The Sacramento Kings will remain in the California capital for at least one more season after dropping plans to relocate to Anaheim, the NBA team confirmed on Monday.
The Maloof family, owners of the Kings, had been investigating a move to Orange County after their efforts to secure a new arena deal in Sacramento stalled.
"Out of respect to Kings fans and the regional business community, we have decided to remain in Sacramento for the 2011-12 season," the Maloofs said in a statement. "The fans' spirit and energy, specifically our season ticket holders, has been remarkable and we are truly thankful for their loyalty.
"We also are greatly appreciative of the support from our corporate sponsors as well as other local businesses that have come forward in recent weeks."
The reprieve gives Sacramento Mayor Kevin Johnson, who played 12 seasons in the NBA, a chance to drum up support for a new arena.
But if Johnson cannot deliver on a new arena then it is likely the Kings, who play in one of the NBA's oldest arenas, would still move to Anaheim and take up residence at the Honda Center.
Anaheim's leaders had approved a plan to refurbish the Honda Center with proceeds from the sale of up to $75 million in lease revenue bonds to help lure the Kings away from California's capital.
A spokeswoman for Anaheim said city leaders would have to reauthorize the plan for selling the debt should the Kings owners eventually move forward with a relocation plan.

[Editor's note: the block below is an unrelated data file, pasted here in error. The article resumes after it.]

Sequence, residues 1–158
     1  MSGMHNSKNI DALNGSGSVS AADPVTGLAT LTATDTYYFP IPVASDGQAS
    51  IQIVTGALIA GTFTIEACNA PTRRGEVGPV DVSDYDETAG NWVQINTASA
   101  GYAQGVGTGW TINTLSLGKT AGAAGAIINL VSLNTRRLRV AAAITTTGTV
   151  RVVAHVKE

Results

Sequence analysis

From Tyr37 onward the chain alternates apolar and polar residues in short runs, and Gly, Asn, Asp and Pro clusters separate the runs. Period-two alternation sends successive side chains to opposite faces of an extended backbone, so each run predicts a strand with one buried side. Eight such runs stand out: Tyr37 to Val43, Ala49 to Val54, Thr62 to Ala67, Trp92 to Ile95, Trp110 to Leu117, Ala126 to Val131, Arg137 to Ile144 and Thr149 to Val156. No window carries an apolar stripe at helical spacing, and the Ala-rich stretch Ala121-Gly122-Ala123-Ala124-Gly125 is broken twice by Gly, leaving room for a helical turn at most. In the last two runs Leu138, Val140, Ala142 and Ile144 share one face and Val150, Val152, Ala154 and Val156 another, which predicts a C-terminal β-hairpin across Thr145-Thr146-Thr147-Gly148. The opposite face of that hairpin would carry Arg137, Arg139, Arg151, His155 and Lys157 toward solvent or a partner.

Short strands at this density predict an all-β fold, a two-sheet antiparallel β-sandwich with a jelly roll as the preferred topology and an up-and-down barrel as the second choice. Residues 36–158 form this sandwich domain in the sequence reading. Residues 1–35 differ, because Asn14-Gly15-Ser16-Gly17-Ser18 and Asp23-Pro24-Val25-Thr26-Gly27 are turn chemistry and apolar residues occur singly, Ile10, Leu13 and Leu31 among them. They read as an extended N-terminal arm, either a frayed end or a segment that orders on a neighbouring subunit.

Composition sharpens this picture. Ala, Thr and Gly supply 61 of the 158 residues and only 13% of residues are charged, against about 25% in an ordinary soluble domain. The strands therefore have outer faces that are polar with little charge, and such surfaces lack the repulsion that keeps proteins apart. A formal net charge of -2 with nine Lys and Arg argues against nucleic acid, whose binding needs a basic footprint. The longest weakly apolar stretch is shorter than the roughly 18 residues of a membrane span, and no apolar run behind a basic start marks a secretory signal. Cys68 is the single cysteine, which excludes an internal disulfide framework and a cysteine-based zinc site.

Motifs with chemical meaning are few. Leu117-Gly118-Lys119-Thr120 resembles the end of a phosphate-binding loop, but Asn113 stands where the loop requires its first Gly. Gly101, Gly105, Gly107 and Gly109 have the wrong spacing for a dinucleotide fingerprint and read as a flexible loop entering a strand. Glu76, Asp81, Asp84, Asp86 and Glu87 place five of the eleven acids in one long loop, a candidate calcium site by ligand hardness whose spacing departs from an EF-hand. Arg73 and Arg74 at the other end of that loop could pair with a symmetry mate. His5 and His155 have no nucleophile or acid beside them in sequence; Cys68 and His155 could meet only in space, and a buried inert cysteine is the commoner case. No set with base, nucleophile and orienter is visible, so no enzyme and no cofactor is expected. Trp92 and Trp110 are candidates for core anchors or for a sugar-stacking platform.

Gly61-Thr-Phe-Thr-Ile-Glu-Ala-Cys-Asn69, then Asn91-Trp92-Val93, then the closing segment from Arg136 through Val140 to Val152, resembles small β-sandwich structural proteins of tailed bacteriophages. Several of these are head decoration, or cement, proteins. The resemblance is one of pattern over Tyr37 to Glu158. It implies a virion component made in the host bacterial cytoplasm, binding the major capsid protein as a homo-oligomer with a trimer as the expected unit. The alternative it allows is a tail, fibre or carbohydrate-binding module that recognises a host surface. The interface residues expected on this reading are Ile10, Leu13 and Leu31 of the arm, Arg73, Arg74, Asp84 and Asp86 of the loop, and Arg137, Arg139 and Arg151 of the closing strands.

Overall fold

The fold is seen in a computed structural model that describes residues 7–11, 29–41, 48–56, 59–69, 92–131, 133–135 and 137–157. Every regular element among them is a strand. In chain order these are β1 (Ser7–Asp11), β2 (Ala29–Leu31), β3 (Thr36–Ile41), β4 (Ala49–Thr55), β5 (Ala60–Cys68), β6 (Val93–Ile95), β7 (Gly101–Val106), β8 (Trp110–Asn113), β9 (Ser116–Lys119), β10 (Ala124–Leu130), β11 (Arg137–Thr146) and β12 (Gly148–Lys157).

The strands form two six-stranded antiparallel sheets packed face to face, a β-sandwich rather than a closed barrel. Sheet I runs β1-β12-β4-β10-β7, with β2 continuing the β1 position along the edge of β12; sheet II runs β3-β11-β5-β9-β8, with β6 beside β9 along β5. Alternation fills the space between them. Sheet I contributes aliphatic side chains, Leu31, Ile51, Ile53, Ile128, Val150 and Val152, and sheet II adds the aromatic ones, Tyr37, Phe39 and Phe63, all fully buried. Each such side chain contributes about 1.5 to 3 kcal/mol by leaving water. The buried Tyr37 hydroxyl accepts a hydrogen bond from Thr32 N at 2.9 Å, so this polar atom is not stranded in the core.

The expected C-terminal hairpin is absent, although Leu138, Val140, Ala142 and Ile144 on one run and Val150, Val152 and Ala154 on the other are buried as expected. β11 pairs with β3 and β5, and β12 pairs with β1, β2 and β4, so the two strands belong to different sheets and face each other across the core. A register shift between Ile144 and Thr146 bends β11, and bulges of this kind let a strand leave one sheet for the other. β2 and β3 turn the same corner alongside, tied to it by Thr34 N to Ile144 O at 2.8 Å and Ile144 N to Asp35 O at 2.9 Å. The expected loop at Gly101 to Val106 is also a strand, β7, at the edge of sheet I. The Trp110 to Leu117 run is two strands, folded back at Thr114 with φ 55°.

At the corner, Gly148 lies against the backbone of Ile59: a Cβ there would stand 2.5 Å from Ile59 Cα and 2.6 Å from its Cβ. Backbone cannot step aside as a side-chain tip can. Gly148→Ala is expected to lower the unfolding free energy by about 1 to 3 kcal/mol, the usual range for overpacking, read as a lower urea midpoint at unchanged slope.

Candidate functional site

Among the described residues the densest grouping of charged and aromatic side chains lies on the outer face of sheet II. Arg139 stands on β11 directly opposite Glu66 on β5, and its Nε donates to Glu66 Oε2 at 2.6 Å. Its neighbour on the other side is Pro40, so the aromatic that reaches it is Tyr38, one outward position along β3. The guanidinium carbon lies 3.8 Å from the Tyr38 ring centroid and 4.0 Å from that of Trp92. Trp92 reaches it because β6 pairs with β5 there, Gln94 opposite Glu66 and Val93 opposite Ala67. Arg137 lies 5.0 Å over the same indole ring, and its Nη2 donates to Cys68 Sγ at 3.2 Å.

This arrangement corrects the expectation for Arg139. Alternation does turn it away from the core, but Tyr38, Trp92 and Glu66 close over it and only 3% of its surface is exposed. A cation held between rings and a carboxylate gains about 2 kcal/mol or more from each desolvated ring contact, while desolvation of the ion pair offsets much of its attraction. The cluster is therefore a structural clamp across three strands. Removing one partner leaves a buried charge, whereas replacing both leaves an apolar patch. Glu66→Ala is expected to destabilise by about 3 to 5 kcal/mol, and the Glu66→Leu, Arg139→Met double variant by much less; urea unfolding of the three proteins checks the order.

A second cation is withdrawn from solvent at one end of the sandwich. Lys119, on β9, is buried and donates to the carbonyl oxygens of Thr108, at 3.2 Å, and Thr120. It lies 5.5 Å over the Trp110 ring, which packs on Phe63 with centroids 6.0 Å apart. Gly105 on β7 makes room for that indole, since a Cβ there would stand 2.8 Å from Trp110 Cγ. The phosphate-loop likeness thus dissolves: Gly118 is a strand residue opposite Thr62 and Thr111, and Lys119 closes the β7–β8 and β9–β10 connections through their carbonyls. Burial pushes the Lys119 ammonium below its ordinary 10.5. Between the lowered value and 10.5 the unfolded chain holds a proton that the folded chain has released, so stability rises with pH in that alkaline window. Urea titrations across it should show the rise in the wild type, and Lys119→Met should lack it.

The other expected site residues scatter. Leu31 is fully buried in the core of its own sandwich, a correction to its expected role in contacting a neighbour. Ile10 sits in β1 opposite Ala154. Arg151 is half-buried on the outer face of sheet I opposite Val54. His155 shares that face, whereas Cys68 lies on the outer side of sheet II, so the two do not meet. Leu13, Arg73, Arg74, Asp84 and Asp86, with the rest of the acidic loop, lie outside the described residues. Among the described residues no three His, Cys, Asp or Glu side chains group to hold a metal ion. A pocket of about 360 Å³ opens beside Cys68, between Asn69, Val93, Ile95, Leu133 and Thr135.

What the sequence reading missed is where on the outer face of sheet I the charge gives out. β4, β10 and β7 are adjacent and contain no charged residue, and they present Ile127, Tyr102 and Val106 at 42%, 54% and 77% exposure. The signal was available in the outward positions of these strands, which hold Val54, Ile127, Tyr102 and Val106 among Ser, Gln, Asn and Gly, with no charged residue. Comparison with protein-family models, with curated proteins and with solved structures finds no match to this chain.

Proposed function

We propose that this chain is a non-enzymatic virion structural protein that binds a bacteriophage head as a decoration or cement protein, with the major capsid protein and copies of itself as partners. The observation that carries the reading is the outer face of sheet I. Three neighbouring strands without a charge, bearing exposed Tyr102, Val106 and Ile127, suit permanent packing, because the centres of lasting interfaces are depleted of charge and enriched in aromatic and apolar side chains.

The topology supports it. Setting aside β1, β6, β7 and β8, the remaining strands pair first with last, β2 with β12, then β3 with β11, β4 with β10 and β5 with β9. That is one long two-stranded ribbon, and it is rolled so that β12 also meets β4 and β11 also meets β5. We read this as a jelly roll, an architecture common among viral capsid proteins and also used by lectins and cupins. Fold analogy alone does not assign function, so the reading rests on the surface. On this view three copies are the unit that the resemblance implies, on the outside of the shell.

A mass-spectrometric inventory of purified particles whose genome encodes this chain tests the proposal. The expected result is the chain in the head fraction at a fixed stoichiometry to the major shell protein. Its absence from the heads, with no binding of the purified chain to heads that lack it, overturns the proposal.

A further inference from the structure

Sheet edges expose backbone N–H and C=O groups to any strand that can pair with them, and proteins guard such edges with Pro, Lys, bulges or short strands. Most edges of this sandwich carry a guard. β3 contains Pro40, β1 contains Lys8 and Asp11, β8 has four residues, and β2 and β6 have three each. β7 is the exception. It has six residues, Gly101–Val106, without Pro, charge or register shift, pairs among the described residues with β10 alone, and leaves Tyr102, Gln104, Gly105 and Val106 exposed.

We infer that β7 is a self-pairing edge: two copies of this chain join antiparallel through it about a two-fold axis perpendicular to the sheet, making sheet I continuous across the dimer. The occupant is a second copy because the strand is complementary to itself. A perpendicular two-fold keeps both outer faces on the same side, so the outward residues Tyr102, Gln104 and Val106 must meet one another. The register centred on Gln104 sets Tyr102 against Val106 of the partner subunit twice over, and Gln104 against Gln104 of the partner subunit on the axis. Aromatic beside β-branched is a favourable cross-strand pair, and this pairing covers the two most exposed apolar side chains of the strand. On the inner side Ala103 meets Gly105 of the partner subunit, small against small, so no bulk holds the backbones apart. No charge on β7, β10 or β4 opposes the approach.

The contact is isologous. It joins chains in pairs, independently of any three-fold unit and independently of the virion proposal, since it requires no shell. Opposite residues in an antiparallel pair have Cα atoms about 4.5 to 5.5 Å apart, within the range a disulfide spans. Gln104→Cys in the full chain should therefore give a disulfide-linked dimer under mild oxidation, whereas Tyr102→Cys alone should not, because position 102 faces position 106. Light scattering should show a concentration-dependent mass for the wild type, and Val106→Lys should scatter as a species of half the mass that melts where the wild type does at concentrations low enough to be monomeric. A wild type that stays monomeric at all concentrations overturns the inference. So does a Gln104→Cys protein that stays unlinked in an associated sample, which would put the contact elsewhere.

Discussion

Local billionaire Ronald Burkle, who is a co-owner of the NHL's Pittsburgh Penguins, had also expressed interest in acquiring the team and keeping them in Sacramento. However, the Maloofs have insisted they do not wish to sell.
"During this process, Mayor Johnson has strongly indicated to both the community and the NBA that he is capable of getting the support to build a state-of-the-art entertainment and sports facility that the Sacramento Region and the tremendous Kings fans so rightly deserve," added the Maloofs. "We look forward to seeing Mayor Johnson bring his vision to reality.
"However, if an arena plan cannot be finalised in a timely fashion, the NBA's relocation committee has assured Maloof Sports and Entertainment that it will support an application to move the franchise to another market starting in 2012-13."
The Maloofs' decision to remain in Sacramento through the 2011-2012 season came just hours ahead of a deadline for filing a formal request with the NBA for relocation.
NBA commissioner David Stern said the league will send the struggling franchise nine experts to Sacramento to assist with increasing sponsorship, ticket base and a campaign for a new arena but warned that the clock was ticking.
"The committee did tell the Maloofs that if they did try, given the outpouring of support, another year in Sacramento the committee would supportive of a move in a year if the plan did not come to fruition," Stern said during a conference call.